Pumpkin Bee Sting Pie is not a Mexican dessert, but the baker in me, with memories of past yuletide dinners, wants a traditional table for the holidays that includes a pumpkin pie. Mexico has all the ingredients: over-sized squash that stand in for canned pumpkin, dark honey, and coconut. This pie variation of Bienenstich, the German Bee Sting Cake, will be our dessert for Christmas dinner, when memories of snowy Christmases and holiday dinners from the past make me nostalgic for a Christmas where the waves don’t lap on the beach, where the palms don’t rustle in the breeze, where the only white I see is snow, not sand. With this recipe, my holiday baking and cooking has commenced. The twinkling stars next to a recipe designate dishes for the holidays.
What is special about the Bee Sting Cake is its crunchy topping of honey and almond slices. The Pumpkin Bee Sting Pie recipe that was in U.S. newspapers across the country just before Thanksgiving adds coconut to the topping. This final addition proved irresistible to me, coconut lover that I am.
If you live north of the border, make it easy on yourself and buy a can of Libby’s pumpkin. Their canned pumpkin is so consistently good, that it is not worth the effort to steam, scrape and purée your own. But if you are south of the border, buy a Mexican squash, the kind that are so huge and oddly shaped, they look prehistoric.
Cut it into manageable pieces, scrape out the seeds, steam or roast the squash until tender, scrape the flesh from the skin, purée, then freeze. See what I mean about it being easier to buy a can of pumpkin? The only time I would advocate cooking it yourself is if you have an organic pumpkin. Or if you live in Mexico and can’t find canned pumpkin or can’t bring yourself to pay $8 for it when you do. Otherwise, go with Libby.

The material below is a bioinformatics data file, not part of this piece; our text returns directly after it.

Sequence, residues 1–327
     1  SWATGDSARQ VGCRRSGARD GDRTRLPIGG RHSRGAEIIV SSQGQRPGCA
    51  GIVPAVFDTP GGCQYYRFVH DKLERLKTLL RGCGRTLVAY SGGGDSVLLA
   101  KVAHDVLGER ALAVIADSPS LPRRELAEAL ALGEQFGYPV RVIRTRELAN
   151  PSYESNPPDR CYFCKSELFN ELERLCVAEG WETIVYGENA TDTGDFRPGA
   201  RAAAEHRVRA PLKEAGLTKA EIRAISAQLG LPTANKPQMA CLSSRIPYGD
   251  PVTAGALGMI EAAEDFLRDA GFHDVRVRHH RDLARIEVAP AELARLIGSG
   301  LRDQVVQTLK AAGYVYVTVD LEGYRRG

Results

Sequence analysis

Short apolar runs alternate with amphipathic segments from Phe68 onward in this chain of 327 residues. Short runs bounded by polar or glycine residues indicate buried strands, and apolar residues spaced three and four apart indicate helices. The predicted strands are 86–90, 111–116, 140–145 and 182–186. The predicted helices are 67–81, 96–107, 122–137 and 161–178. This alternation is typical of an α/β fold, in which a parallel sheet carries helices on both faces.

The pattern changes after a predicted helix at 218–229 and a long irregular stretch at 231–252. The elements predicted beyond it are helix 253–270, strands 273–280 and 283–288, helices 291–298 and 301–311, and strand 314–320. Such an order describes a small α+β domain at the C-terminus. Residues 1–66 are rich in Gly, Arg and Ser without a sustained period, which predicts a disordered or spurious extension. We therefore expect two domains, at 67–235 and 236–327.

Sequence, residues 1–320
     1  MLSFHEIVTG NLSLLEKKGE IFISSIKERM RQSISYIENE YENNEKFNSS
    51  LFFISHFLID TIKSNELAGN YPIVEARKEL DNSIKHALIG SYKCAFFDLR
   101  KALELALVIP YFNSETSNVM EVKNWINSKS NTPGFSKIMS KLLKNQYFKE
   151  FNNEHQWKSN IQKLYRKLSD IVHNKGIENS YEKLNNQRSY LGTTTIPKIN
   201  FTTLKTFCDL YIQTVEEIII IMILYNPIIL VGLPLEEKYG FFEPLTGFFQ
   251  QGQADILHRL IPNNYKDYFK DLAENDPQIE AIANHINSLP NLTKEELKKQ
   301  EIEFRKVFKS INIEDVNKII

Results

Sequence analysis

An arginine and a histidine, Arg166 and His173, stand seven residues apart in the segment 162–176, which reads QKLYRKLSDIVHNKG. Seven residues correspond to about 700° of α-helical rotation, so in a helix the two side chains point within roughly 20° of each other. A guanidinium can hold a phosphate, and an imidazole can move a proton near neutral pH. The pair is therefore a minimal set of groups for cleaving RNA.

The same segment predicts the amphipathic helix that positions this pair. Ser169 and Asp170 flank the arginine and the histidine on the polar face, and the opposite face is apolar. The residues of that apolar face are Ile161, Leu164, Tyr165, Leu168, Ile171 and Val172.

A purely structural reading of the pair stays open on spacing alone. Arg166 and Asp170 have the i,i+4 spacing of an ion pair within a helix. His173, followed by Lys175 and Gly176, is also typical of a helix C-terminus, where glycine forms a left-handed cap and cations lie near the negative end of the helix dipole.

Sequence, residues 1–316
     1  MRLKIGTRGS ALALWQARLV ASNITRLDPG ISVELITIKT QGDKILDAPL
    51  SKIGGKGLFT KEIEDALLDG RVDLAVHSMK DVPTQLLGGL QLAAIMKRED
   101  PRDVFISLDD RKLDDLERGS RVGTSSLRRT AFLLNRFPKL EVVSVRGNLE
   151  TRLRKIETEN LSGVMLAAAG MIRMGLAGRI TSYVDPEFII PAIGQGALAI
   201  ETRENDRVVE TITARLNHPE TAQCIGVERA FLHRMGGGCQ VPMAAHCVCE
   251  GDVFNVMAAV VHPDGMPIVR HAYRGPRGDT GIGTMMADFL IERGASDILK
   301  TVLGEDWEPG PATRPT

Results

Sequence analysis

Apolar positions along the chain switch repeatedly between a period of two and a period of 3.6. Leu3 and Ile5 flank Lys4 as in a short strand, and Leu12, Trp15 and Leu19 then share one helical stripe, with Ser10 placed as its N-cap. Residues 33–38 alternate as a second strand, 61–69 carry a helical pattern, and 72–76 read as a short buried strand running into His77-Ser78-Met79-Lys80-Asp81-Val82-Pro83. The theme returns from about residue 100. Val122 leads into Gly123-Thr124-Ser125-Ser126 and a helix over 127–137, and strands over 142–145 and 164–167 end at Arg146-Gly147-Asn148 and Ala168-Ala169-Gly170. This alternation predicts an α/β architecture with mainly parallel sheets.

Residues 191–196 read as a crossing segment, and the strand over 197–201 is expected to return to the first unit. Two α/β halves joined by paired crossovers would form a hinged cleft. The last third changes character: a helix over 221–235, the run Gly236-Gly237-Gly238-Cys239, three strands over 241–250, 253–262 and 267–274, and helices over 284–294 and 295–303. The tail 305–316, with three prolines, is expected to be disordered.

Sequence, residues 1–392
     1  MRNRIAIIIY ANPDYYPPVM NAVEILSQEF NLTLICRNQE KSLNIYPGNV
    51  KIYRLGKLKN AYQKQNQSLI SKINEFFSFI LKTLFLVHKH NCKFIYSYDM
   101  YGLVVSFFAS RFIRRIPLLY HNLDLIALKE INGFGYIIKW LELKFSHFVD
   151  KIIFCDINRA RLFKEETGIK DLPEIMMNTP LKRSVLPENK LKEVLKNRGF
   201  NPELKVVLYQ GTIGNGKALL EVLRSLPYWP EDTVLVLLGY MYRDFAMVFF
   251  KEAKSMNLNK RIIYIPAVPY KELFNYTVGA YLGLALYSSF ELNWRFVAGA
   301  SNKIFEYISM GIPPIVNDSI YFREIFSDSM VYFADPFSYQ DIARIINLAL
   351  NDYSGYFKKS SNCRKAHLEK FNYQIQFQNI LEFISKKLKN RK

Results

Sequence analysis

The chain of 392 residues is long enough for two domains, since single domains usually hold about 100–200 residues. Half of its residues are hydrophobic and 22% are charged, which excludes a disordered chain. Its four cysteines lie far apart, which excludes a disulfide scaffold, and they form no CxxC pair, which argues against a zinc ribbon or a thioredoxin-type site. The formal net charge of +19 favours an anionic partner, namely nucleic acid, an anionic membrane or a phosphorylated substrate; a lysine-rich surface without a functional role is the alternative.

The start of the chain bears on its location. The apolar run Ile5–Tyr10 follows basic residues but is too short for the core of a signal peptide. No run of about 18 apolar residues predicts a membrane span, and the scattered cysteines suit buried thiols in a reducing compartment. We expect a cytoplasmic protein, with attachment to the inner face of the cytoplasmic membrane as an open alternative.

The flaky cream cheese pie crust recipe is in The Pie and Pastry Bible by Rose Levy Beranbaum and found on Epicurious, the wonderful recipe compendium for Bon Appetit and the late, lamented Gourmet magazine. I used fifty percent whole wheat flour, and did not have the usual problem of a whole wheat crust being difficult to handle. The vinegar and baking powder ensure a tender pastry, while the cream cheese adds enough structure to prevent shrinking and cracking. Take it from me, someone who has struggled with pie pastry, this recipe is fail-proof.
The pie filling follows the standard recipe in the newspapers, but my method differs, following Rose’s instructions for cooking the pumpkin with spices, then pureeing in the food processor for maximum smoothness. As always, I reduced the sweetness, decreasing the honey in the filling by half, since to my taste most desserts are much too sweet.
Pumpkin Bee Sting Pie
- 1 9″ pie shell
- 1 15-oz. can pumpkin (or 2 cups pumpkin puree, less 2 tablespoons)
- 1/4 cup honey
- 1 teaspoon ground cinnamon
- 1 teaspoon ground ginger
- 1/8 teaspoon ground cloves
- 1/8 teaspoon ground nutmeg
- 1/2 teaspoon salt
- 1/2 cup organic heavy cream
- 1 teaspoon vanilla
- 3 eggs
For the topping:
- 1/2 cup sliced almonds
- 1 cup dried unsweetened organic coconut
- 1/4 cup honey
- 2 tablespoons organic butter, melted
- Pre-heat oven to 350 deg. F. (180 C.)
- In a small sauce pan over medium-low heat, stir together the pumpkin, honey, spices and salt. Stirring constantly, cook for 5 minutes after the mixture starts to bubble.
- Spoon the mixture into a food processor and blend for one minute.
- With the motor running, add the cream and vanilla, processing until incorporated.
- Add the eggs, one at a time, processing for a few seconds with each addition.
- Pour the mixture into the unbaked pie shell, and bake for 45-50 minutes, until almost completely set, and the center still jelly like.
- In a small bowl, combine almonds, coconut, honey and butter.
- Spread almond mixture evenly over pie and return to oven for 10-15 minutes, or until topping has lightly browned. Cool on rack before serving.
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